Tuesday, December 23, 2008

Finding Magnolias

When I was a young teenager in the early 1960s my mother took my brothers and me on a walking tour of downtown Los Angeles, where she had grown up. We went into an old-fashioned candy store and browsed. Her eyes lit up when she saw a type of candy she loved but hadn’t seen for many years.

We bought a few boxes of them. I remembered that they were small sugar balls with flavored liquid inside, and I also recalled their strange name: magnolias. As years and then decades passed, I occasionally searched for them and asked about them in various candy stores. In every case, no one who sold candy had ever even heard of them. Eventually I stopped asking.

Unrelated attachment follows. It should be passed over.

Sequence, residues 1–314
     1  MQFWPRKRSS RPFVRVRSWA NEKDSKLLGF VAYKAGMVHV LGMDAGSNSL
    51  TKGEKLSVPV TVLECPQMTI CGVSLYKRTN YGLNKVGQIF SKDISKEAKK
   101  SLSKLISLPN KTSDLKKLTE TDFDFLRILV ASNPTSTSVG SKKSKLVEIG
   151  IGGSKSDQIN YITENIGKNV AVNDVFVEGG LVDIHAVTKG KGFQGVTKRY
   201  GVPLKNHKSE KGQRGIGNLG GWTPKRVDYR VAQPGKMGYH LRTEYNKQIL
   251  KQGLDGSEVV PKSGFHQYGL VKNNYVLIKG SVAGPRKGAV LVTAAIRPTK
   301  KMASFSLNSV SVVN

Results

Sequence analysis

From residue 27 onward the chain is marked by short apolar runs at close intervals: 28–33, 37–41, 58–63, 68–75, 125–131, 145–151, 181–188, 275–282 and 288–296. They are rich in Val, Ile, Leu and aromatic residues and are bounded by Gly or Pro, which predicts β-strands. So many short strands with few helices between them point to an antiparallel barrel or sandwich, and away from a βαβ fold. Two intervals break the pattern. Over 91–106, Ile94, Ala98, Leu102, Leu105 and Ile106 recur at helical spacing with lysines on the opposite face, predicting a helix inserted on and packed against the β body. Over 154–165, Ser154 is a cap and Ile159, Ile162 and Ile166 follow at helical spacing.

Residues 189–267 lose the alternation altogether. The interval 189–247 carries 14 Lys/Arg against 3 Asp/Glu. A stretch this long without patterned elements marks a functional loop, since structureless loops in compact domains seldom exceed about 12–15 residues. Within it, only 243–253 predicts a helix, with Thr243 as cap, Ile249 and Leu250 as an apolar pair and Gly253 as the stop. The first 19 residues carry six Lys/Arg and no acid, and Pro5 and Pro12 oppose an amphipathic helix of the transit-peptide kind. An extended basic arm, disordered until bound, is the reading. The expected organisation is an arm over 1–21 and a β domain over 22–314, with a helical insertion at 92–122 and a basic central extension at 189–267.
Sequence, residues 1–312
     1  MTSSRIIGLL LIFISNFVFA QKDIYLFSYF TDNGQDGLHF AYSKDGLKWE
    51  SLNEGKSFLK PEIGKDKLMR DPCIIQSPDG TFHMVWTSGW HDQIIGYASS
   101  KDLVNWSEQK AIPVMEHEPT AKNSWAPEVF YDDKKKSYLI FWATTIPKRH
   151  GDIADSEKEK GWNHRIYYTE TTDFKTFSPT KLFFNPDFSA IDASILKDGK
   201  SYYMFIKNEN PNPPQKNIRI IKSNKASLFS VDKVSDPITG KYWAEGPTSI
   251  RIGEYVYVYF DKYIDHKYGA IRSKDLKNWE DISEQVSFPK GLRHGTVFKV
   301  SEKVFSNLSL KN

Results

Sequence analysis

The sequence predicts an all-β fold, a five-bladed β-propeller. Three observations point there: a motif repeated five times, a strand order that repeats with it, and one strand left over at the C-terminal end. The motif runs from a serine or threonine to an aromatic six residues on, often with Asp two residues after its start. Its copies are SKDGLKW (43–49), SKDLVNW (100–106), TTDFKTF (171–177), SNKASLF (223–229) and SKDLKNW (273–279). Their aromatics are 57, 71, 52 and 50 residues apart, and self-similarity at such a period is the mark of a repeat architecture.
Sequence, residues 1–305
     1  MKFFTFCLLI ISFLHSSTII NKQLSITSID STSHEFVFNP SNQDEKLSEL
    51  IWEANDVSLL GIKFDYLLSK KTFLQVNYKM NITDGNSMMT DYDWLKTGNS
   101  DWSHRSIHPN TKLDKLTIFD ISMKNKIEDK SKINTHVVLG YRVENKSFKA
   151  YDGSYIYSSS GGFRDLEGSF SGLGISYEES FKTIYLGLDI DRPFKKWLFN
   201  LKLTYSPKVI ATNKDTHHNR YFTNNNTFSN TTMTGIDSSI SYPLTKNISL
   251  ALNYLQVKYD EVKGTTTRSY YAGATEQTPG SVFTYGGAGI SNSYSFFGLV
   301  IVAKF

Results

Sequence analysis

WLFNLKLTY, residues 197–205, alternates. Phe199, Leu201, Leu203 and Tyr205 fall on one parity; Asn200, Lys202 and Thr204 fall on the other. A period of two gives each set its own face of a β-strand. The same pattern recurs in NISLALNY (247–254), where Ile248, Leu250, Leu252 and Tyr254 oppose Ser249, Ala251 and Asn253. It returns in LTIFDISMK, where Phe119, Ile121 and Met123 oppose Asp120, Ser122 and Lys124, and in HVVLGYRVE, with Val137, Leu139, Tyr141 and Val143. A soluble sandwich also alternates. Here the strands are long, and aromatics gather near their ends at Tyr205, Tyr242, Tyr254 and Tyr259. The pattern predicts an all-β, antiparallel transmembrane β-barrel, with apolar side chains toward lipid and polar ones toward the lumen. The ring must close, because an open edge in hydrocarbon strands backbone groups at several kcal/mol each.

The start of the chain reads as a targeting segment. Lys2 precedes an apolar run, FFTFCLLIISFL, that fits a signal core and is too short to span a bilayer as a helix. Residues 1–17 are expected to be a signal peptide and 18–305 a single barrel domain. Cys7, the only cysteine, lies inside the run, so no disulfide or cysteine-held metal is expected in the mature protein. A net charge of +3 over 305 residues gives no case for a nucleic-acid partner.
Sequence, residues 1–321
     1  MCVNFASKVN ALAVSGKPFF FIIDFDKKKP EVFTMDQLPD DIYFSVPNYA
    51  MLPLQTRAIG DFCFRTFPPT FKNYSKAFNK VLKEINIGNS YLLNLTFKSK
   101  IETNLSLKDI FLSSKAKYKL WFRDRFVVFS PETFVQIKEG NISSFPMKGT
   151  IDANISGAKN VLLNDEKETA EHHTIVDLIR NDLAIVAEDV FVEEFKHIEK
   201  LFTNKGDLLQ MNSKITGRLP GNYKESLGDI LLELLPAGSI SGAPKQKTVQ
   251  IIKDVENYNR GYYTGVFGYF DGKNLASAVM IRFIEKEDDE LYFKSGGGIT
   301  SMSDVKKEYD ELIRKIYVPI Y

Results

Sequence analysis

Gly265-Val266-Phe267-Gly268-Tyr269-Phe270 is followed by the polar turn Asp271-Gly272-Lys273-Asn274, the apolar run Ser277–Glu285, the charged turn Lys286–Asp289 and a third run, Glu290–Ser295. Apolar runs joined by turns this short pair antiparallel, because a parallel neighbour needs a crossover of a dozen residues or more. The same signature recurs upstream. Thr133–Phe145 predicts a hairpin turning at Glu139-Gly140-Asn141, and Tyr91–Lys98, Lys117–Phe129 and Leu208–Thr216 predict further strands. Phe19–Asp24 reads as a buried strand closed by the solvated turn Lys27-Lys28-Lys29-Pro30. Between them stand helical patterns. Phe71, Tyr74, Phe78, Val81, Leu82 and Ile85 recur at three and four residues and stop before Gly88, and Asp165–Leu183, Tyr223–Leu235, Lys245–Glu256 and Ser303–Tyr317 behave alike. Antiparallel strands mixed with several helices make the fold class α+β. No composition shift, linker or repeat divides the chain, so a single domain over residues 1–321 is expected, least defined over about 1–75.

Early in 2008, I thought about searching for them on the internet and discovered an article about them! Someone had found magnolias, had bought a crateful, and then raved about them online. Fortunately she also provided contact information. I immediately called Startup Candy Company in Provo, Utah and spoke to Jon Startup, the fifth generation owner of the company. (Yep, Startup is really the family surname.)